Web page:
The Best Medicine

Last week I wrote a column, a piece for Bookforum, and a review for Newsday. Yet I am still behind -- with a very bad cold having kicked in almost immediately after meeting the last deadline. (In short: If you are reading this and I owe you some work, please realize that I'm doing the best I can.)

Lifting my spirits somewhat was our viewing of Flushed Away, from Aardman, the studio responsible for Wallace & Gromit. Evidently the movie did not do well when released here last year. I don't even remember it coming out, and we're longtime fans of Aardman. In any case, Rita ordered the film on Netflix, and now I am convinced that the singing slugs deserve their own musical. Their choreography is also brilliant:

Good news: The Aardman short film Creature Comforts will soon be reborn as a series. There is a lot to say for the curative power of comedy when you are ill, and Aardman's mode of anthropomorphizing really does it for me.

(On consideration, it seems to me that Creature Comforts is actually whatever the opposite of anthropomorphizing would be. It doesn't humanize animal so much as animalize humans. If there is a word for that, I can't think of it.)

April 29, 2007 2:29 PM | | Comments (4)



We have the movie for our sons, 8 and 5, and I strongly resisted buying it because I figured it was one more collection of fart and poop jokes, along the lines of the 2nd Shrek movie. I'm guessing that's why it didn't do so well here, instead of Wallace and Gromit, parents -- who are, really the actual market for these things -- expected "Ed, Edd, and Eddie." [If you aren't familiar, stay that way.] Now that you've recommended it, I'll have to dig it out for family movie night sometime.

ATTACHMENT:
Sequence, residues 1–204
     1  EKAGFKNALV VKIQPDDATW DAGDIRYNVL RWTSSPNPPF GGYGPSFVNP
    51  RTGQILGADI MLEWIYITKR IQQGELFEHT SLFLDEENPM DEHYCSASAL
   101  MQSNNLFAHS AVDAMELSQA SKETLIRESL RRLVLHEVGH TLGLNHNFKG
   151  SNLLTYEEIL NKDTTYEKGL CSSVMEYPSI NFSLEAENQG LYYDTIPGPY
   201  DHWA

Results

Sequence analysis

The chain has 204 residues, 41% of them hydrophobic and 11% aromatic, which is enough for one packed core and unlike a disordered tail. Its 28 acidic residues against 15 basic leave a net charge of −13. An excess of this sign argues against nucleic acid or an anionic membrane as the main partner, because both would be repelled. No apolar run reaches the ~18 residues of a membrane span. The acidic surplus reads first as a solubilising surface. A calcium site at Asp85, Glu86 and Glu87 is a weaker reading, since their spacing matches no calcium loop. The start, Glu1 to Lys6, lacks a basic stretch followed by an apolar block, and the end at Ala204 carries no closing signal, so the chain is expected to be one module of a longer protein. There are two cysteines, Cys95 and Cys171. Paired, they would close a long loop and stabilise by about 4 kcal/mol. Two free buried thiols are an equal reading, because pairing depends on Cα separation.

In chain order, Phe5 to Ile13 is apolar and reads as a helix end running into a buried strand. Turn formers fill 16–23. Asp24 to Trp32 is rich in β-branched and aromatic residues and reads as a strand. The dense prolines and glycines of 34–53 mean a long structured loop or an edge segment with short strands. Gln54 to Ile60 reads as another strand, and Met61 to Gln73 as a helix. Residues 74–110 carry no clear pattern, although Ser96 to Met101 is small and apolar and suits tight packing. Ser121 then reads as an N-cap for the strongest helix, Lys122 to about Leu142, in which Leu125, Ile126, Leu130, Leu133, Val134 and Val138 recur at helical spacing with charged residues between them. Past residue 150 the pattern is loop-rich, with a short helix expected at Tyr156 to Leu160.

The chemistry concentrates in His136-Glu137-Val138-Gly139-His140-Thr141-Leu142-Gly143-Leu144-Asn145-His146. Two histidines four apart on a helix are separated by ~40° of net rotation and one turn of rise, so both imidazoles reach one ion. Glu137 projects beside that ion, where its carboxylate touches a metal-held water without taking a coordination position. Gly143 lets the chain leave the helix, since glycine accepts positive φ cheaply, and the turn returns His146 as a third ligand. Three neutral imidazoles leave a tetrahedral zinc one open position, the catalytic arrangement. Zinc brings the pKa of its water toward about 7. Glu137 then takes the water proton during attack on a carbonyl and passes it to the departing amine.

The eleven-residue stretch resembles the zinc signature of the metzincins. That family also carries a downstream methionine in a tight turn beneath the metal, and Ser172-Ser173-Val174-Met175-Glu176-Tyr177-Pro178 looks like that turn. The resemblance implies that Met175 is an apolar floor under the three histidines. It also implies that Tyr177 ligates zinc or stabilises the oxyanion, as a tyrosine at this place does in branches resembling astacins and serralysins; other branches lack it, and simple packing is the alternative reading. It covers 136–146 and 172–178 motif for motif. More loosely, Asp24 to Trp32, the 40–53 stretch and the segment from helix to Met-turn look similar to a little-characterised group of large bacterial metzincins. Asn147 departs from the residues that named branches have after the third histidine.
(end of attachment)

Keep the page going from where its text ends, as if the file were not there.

Oh, and I'm very glad to have found your regular blog. Anyone who grew up in Wills Point in the late 70's and maintains a blog gets my attention. At least I'll get the pop culture references.

I should say that -- title notwithstanding -- Flushed Away is almost completely devoid of scatalogical humor. Although it is set in a London sewer, there are no poop jokes (apart from one fake-out sight gag early on).

That makes me happy. Now, of course, I have to venture into the room devoted to the boys DVD and TV (yes, I'm a failure as a parent. My sons have a playroom. With their own TV.) and find the bleeding disk. Which will be scratched. Still, the discovery of a cartoon without scatalogy is a powerful incentive.

The movie has Jean Reno as a French frog called Le Frog. As far as I am concerned, there is nothing funnier than that.

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About this Entry

This page contains a single entry by Quick Study published on April 29, 2007 2:29 PM.

Feeling Freakosophical was the previous entry in this blog.

The Pervert's Guide to Cinema is the next entry in this blog.

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